Canker or trichomonosis is a common disease that infects birds worldwide. It's caused by a parasite that enters your backyard chicken flock via wild pigeons and doves.

The disease causes yellowish sores in their mouth. These sores grow over time, making it difficult for the chicken to eat and swallow.

Sometimes the disease spreads from the mouth to the windpipe. This causes difficulty breathing, and the chickens will gasp for air and yawn to get more oxygen.

Canker can be treated with antibacterial medication effective against the protozoa parasite.

Ear Infection

It's not always immediately apparent, but chickens do have ears. They are hidden behind some stiff feathers on their heads. Apart from hearing, their ears help them to keep their balance.

Multiple bacteria and fungi can infect a chicken's inner, middle, and outer ears. E. Coli and Pasteurella bacteria are among the most common causes.

Chickens that have to cope with an ear infection will:

  • tilt and shake their head
  • get out of balance
  • put their head in strange positions
  • scratch and rub their head
  • yawn excessively

The outer ear sits between the feathers and leads to the eardrum and the inner ear. The inner ear is an air-filled acoustic channel connected with open-air cavities leading to the mouth and nares. Just like we have a Eustachian tube that connects our ears with the back of our nose, a chicken's middle ear has a structure to regulate pressure.

By yawning and stretching their necks, chickens can try to release the middle ear pressure. Although the infection affects the ears, excessive yawning is a common sign of ear infection in chickens.

Fowl Pox

Fowl pox is a severe contagious infection in poultry that can be fatal for chickens. It's famous for the black spots that you can see on an infected chicken's comb. The dry form of fowl pox is responsible for these painful blisters on their skin.

However, fowl pox also has a wet form, the more deadly variant. Wet fowl pox targets the throat en respiratory tracts of a chicken. It grows yellow plaques in the throat, preventing chickens from eating, drinking, and breathing properly. Chickens are often coughing, sneezing, and yawning.

Fowl Cholera

Fowl cholera is a widespread bacterial disease that can be fatal and comes with some horrible symptoms. The infection causes blood poisoning and chronic infections. It's usually seen with roosters or older chickens.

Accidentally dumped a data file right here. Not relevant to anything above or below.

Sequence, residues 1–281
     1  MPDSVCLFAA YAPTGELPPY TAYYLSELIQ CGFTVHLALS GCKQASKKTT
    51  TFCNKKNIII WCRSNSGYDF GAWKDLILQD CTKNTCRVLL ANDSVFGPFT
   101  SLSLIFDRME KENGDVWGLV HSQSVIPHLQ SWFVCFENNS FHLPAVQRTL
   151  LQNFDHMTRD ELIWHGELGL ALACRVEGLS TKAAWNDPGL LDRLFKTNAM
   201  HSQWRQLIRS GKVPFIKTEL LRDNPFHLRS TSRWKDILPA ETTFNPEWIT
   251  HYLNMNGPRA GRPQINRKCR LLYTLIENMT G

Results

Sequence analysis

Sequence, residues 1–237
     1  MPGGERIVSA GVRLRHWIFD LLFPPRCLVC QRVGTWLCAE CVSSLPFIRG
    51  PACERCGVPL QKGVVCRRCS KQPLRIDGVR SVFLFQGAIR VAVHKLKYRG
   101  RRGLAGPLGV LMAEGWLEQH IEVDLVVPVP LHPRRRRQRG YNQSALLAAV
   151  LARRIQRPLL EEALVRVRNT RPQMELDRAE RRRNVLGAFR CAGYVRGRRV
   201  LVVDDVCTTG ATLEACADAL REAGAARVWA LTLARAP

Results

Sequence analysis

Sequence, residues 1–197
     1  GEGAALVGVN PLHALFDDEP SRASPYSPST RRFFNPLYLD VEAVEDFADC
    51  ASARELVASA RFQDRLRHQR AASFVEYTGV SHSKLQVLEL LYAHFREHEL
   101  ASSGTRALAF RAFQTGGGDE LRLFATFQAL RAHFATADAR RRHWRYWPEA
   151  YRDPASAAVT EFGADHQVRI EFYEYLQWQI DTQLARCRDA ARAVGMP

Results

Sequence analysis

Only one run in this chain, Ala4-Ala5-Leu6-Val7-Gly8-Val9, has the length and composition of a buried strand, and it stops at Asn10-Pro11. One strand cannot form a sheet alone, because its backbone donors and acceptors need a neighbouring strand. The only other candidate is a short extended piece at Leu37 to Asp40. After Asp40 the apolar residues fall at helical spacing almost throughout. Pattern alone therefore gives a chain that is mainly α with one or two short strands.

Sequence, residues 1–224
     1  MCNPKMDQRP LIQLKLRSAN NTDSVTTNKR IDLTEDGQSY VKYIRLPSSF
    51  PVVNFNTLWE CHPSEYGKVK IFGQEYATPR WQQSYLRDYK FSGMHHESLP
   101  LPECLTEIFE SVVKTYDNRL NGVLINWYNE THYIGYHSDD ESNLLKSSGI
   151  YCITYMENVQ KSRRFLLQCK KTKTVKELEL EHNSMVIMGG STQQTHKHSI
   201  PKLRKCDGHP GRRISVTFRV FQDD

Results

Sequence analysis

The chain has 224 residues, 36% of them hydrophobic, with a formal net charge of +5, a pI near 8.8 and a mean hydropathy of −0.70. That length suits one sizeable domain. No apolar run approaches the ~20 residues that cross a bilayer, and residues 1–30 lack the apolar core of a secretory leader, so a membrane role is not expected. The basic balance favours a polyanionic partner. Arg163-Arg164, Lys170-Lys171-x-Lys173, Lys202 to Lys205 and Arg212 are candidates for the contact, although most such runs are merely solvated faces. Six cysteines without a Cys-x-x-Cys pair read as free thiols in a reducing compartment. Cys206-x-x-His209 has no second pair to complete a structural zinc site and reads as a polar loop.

symptoms of fowl cholera with blue comb & wattle, mucus, difficult breathing, weight loss, lethargy, ruffled feathers and green diarrhea

The disease can enter very suddenly in the acute form or develop slowly in the chronic form. In both forms, Fowl Cholera can cause difficulty breathing and can cause swelling in the ears and sinuses. Birds frequently open and close their beaks which looks a lot like yawning.

Apart from yawning, there are several other severe symptoms in the acute form like:

  • purple discoloration of the combs and wattles
  • fever and ruffled feathers
  • watery green or yellow diarrhea

Chronic Fowl Cholera infections affect the respiratory tract and tonsils, making the chickens yawn. But apart from the yawning and breathing problems, there are other symptoms like:

  • swollen wattles and face, sometimes eyes
  • swollen feet and legs
  • swollen ears

Treatment is based on antibiotics, but infected birds will carry the bacteria for life.

Squamous Cell Carcinoma

Unfortunately, we have to end this list with a tumor. Squamous cell carcinoma is a cancerous tumor that grows in the food pipe of a chicken. It's a common type of cancer that affects poultry and usually targets the mouth, food pipe, crop, or legs.

When the mouth and food pipe area are affected, chickens will have difficulty swallowing and can start yawning. Apart from yawning, you might see:

  • tumor growth in the mouth
  • strange neck positions and neck movements
  • food coming back from the crop

That said, there is plenty of other reasons for chickens to yawn. So the chances are slim that it's cancer.

Summary

There are several reasons why chickens can yawn, but it never means they are getting tired. Most of the time, the yawning is innocent. The birds might have something stuck in their throat. Or they are trying to get some fresh air to cool down.

But in some cases, it's a clinical sign of an underlying disease. If you see your chicken yawning, keep an eye on the bird to see if it shows any other signs. Various conditions can affect a chicken's windpipe, food pipe, and crop, which will cause a chicken to yawn. Most of them can be treated.

If the situation worsens or you are in doubt, contact a veterinarian.

If you want to read more about chicken health problems, symptoms, and diseases, check out our 'Health Page'. You'll find a 'Symptom Checker', a complete list of 'Chicken Behavior', and an overlook of the most common 'Chicken Diseases'. Or go to 'The Classroom' and find a comprehensive list of all Chicken Fans articles.

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Chicken Fans Editorial Team

The editorial team consists of 3rd generation chicken owners Kat, journalist, editor-in-chief, and Nick, working with illustrators and specialists in the field.